As I wrote last week, I did an Oracle database hacking training. One of the exercises was to get password hashes from sys.user$ (in 10g and before: dba_users) and brute force crack the password with woraauthbf 0.22. In the database I prepared for the course I intentionally created a user there with a weak password. The password was “simpel”, the Dutch word for “simple”. With woraauthbf 0.22 it takes about 300 seconds to crack it on the somewhat older laptops we used.
Some people also tried to crack the system password, which was “oracle11g”, but that simply took too long. It’s simple if you do the math. A password of 6 characters and only lowercase letters (26 different characters), means there are 26 to the power of 6 possible combinations. Which is about 309 million possible combinations which a password cracker must go through. A lot of people think that that’s a lot, but modern computers can go through 3 million combinations a second. In our case it was a little slower though.
But if you use the password “oracle11g” there are 9 positions and 36 different characters (26 lowercase letters + 10 numbers). So that’s about 100 trillion combinations. So a modern computer will need 391 days (worst case!) to crack this nut. So we’re safe right? (As long as you change the password every 60 days?)
You might have been forgiven for thinking that, until we came to the part of the exercise where we used a dictionary attack. For passwords with Dutch words, I needed a Dutch dictionary in text format. It turns out, that such a thing can be found at the site of opentaal.org (http://www.opentaal.org/bestanden/view_cat/41-). And I’m sure there are lists like these for many other languages as well.
You can use the dictionary in woraauthbf in this way. (The password file is a formatted file with usernames and password hashes found by you. More on soonerorlater.hu):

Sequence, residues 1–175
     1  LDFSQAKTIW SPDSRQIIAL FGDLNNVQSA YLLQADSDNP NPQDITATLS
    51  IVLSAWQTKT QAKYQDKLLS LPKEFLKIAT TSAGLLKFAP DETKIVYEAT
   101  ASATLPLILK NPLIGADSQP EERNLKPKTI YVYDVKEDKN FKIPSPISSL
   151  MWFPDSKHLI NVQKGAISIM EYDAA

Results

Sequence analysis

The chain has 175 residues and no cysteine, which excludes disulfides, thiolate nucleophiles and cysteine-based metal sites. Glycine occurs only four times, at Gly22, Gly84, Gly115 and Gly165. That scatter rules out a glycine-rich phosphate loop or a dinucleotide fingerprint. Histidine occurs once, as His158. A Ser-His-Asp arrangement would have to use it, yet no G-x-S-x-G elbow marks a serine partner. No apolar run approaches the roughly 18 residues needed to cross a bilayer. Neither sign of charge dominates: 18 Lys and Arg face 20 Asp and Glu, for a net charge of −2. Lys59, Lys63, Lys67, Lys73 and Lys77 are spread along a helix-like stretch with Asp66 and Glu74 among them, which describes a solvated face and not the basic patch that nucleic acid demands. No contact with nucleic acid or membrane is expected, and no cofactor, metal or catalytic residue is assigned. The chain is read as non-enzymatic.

woraauthbf -p pwfile.txt -d opentaal2010.txt -t 11g10g -m 9 -c alphanum
Using the dictionary, cracking the password “simpel” took 0 seconds. The next step, was adding the password “oracle11g” to the very end of the dictionary file (of 2 Mb). Then I tried to crack the system password. That took 0 seconds as well! Scary stuff!
Now you might say that is cheating, because I knew the password beforehand. Yes, but being a Oracle DBA for 16 years I’ve seen a lot of DBA passwords and I know a significant number of DBAs choose very weak passwords. If you wanted to crack the password of a DBA account, you’d do very well by beginning to compile a “custom made” dictionary. Try a couple of combinations of the following with different version numbers, years and so:
- The name of the database.
- The (abbriviated) name of the vendor of the application.
- The (abbriviated) name of the company.
- If you know the name of the DBAs, try to find the names of spouses, children, pets and cars on social media.
- Next try the dictionary.
So we learned two things here. We need to protect sys.user$ in the extreme (for example: don’t grant SELECT ANY DICTIONARY!) and we need to choose complex passwords.
And why not? With software like Password Safe and Keepass you can generate passwords of, say, 20 characters, use them in Oracle and store them encrypted. You never need to see the passwords, because copying and pasting them is very easy in these tools. (Note: if your encrypted password database falls in the hands of organizations that have a lot of computer power, they might still be able to crack your password safe. It’s not 100% waterproof.)
The day after the training I overheard two collegues. One of them attended my training. The other one suggested picking a dictionary word for a new admin password. “No we won’t”, the other one said, “because I’ve been to Marcel-Jan’s training yesterday and I’ve seen how easy it is to crack those”. Needless to say, the outcome of that argument sounded like music to my ears.
Time to crack a password brute force
(worst case. with speed: 3,000,000 variations per seconds)
|Number of characters||Alpha, one case(26 variations)||Alpha, mixed case(52 variations)||Alphanum, mixed case(62 variations)||Alphanum + special characters (85 variations)|
|6||103 seconds||1,8 hours||5,3 hours||34,9 hours|
|7||0,7 hours||4,0 days||13,6 days||123,7 days|
|8||0,8 days||206,2 days||2,3 years||28,8 years|
|9||20,9 days||29,4 years||143,1 years||2443 years|
|10||1,5 years||1528 years||8871 years||208095 years|